“How much liability do we have as joint signers?” he asked. “In particular because since Jan. 1 of this year, there have been six deaths in the jail. There are several citizens who have called me, I don’t have the answers to it, but I’m kind of hesitant to go too much further with this, personally.”
Copeland’s numbers are accurate, according to numbers from the sheriff. In addition, the MDJ mailroom has been flooded with letters from inmates in recent months describing a monthslong lockdown where they say they have been unable to leave their cells for days on end, even to shower.
The ACLU has expressed interest in what’s going on there, hitting the sheriff with an open records request late last month.
City manager Bill Bruton said whatever goes on behind the jail’s walls, Marietta is not liable.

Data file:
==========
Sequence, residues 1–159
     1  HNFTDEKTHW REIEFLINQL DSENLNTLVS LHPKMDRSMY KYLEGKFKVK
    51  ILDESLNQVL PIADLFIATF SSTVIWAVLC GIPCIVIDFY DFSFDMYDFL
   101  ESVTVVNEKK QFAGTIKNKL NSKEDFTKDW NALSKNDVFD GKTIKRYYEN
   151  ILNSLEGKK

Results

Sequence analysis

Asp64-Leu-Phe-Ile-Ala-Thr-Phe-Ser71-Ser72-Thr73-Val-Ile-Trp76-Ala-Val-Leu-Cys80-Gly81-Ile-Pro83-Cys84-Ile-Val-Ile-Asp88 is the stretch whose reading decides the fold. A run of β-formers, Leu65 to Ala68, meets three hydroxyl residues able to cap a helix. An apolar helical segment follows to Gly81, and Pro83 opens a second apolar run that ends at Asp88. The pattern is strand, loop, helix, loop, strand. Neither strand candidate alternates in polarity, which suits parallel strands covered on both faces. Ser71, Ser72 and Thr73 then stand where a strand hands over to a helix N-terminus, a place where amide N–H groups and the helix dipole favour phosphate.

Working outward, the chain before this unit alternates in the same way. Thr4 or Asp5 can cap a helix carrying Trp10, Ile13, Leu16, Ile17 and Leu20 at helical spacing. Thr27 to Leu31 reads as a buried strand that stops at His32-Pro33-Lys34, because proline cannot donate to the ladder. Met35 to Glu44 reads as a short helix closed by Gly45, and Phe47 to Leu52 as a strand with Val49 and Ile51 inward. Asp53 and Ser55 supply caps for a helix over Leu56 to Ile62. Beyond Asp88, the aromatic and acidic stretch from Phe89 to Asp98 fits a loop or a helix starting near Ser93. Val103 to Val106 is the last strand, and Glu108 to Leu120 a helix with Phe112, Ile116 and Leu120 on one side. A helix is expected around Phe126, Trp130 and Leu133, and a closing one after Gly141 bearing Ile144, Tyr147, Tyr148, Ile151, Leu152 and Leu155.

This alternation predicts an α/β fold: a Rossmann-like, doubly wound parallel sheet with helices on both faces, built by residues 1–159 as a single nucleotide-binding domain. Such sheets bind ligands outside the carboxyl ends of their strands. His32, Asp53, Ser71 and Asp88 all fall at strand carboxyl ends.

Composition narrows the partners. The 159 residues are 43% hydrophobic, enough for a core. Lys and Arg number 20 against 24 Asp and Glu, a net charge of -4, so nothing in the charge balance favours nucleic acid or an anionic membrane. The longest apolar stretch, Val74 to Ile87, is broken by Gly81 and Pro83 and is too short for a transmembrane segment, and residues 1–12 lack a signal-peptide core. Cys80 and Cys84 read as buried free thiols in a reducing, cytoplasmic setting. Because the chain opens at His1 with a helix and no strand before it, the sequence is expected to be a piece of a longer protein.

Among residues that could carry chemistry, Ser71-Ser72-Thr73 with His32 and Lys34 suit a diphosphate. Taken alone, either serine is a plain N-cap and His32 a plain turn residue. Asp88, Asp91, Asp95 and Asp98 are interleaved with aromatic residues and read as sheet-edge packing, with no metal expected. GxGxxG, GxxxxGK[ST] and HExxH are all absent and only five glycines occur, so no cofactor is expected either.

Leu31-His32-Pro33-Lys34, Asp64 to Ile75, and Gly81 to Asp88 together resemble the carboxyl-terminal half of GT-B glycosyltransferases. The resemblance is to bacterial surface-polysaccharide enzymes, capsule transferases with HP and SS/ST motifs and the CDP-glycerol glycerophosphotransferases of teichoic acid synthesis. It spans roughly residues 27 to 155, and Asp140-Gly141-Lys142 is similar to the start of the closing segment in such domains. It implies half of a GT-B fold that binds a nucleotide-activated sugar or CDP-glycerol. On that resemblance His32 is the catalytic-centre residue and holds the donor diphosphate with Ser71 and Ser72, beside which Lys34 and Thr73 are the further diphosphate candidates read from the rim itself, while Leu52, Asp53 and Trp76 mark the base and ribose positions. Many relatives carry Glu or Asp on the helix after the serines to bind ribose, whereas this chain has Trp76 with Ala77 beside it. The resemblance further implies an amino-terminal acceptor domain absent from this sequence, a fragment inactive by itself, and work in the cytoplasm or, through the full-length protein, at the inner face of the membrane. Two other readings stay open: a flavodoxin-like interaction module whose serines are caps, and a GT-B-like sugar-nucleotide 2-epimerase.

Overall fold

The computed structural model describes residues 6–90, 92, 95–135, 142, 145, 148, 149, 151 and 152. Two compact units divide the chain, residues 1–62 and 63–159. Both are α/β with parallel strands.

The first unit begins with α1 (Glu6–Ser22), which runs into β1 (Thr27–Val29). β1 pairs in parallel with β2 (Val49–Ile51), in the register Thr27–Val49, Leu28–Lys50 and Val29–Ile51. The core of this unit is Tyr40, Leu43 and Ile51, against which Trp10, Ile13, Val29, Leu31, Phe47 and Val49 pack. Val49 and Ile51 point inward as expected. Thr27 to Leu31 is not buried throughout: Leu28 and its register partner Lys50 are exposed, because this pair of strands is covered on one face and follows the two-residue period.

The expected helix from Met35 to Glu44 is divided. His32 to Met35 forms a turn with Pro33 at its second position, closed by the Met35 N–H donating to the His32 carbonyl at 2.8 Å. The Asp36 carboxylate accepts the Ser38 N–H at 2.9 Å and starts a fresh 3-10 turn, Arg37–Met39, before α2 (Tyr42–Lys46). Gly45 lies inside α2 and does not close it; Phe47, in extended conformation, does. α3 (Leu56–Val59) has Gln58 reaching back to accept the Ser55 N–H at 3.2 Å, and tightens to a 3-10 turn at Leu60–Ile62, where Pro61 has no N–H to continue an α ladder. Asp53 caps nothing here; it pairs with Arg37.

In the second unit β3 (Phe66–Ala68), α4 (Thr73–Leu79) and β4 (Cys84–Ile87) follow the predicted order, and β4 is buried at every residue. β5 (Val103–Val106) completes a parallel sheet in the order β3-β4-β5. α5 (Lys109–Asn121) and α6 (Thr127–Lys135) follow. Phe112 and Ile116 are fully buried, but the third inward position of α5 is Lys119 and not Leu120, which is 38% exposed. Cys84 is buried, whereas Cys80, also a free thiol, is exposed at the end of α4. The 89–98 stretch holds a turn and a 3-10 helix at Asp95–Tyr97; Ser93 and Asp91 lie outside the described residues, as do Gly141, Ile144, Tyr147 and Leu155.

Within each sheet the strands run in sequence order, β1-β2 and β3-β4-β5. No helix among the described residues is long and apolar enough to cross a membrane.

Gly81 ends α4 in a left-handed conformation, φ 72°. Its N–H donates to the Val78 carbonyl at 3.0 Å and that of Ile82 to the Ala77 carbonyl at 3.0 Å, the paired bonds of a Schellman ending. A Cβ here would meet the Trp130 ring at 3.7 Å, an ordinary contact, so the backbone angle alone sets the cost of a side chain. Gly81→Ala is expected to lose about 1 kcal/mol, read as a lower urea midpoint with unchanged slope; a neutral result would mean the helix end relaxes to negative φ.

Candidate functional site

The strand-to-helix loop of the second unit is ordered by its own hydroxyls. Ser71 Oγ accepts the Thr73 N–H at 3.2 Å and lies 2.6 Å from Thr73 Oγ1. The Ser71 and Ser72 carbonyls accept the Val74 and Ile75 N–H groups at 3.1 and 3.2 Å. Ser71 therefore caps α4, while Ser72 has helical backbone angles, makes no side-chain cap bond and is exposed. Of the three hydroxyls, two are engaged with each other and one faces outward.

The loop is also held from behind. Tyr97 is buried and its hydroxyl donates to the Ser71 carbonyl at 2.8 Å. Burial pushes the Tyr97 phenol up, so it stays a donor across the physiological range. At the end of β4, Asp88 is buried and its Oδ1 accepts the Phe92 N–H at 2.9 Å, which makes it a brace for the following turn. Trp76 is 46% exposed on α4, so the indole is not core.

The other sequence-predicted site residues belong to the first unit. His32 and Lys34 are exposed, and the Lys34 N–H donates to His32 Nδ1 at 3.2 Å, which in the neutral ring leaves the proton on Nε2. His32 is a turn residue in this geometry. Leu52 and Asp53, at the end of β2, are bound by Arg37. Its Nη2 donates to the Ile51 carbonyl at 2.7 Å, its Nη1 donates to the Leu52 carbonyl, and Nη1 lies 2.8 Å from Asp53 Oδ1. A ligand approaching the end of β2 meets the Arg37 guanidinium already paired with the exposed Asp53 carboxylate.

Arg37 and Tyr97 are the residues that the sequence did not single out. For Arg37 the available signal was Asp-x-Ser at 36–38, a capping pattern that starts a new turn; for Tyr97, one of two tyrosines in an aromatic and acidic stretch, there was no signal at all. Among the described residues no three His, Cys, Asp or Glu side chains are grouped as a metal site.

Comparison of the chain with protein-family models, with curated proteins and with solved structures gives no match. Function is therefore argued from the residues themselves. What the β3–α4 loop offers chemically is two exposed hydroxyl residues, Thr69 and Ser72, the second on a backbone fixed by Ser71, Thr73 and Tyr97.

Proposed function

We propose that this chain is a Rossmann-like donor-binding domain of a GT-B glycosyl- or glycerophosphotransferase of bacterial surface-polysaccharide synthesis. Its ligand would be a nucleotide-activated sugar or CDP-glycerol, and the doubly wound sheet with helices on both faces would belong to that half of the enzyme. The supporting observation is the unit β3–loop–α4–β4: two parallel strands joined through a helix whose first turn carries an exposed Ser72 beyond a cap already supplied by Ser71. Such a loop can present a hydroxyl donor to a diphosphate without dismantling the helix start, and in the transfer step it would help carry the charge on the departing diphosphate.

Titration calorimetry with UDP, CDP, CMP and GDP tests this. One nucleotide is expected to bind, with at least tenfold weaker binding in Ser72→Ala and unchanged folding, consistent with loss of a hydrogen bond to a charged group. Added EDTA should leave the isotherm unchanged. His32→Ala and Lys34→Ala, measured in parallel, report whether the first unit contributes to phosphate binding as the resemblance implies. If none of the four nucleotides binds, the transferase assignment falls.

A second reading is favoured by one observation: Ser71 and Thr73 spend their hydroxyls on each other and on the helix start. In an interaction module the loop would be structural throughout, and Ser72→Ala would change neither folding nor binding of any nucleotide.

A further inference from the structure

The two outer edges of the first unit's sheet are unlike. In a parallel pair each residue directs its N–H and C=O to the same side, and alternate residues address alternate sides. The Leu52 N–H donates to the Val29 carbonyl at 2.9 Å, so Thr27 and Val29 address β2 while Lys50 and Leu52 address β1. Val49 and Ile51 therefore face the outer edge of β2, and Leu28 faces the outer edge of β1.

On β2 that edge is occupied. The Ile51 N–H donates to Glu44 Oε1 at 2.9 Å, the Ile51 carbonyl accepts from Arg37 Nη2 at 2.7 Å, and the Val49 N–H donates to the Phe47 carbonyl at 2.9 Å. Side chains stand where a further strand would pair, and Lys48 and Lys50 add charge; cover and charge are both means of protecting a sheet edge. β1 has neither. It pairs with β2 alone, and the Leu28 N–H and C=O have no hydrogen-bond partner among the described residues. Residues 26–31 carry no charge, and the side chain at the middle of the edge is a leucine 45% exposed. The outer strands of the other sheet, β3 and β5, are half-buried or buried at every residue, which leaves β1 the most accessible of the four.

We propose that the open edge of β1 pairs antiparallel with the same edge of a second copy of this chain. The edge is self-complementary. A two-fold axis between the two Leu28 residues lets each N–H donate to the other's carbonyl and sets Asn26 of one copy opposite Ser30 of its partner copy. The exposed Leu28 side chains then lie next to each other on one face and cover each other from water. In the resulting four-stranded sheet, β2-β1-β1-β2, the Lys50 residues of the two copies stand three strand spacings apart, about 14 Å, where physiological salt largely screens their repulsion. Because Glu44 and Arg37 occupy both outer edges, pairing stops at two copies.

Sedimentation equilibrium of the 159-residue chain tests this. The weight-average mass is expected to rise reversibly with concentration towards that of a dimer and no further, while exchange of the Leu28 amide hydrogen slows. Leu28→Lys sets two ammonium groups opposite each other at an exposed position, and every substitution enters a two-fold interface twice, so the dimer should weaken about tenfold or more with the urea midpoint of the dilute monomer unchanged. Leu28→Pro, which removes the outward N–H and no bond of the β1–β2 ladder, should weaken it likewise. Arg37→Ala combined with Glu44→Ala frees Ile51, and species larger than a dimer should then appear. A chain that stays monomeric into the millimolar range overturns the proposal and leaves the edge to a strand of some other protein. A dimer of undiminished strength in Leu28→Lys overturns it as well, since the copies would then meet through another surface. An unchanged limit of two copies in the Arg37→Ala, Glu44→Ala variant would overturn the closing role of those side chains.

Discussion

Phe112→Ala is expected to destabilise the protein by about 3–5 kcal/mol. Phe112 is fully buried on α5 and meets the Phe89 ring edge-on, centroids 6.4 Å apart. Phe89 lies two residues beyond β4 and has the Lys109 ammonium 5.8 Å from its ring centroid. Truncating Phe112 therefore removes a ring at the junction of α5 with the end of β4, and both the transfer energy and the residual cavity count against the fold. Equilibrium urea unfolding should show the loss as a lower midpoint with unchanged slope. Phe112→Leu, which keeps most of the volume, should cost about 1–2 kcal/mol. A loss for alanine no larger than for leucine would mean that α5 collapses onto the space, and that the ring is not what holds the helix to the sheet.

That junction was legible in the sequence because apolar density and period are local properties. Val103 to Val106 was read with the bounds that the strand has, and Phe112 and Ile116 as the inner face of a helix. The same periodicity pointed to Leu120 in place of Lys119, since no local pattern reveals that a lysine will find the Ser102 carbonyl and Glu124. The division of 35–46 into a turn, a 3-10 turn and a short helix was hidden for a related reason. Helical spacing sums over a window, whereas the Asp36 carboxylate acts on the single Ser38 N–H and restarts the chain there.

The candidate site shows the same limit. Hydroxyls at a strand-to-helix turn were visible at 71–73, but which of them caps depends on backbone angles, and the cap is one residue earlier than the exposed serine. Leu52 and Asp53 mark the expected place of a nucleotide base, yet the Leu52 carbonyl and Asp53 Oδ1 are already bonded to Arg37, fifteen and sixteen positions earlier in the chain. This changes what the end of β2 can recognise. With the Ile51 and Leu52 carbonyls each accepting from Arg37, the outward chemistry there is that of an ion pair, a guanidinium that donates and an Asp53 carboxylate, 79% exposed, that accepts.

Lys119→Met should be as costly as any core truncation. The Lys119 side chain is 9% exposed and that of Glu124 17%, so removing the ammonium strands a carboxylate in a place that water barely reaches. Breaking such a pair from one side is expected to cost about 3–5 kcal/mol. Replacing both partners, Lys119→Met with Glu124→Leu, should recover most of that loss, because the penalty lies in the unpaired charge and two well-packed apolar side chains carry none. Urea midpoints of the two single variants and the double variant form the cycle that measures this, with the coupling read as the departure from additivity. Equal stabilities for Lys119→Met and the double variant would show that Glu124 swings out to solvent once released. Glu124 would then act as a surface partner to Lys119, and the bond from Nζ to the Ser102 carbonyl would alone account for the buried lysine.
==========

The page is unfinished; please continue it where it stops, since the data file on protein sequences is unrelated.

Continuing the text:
“In general, once we hand over one of our inmates or individuals who have been arrested to one of the jails, they have responsibility and liability,” he said. “We have responsibility to transport and bring them over there, but the minute we transfer them to them, they’ve got responsibility.”
City attorney Doug Haynie concurred.
“This commitment neither increases nor decreases the city’s liability,” he said. “The city and the county have sovereign immunity. I would say to you that the city has no liability under this. I read what you’re talking about as far as how the jail is run by the sheriff, but I see that does not carry over any liability to the city of Marietta.”
That was good enough for Copeland, who voted to approve the extension along with the other two committee members, Councilman Johnny Walker and Councilwoman Cheryl Richardson.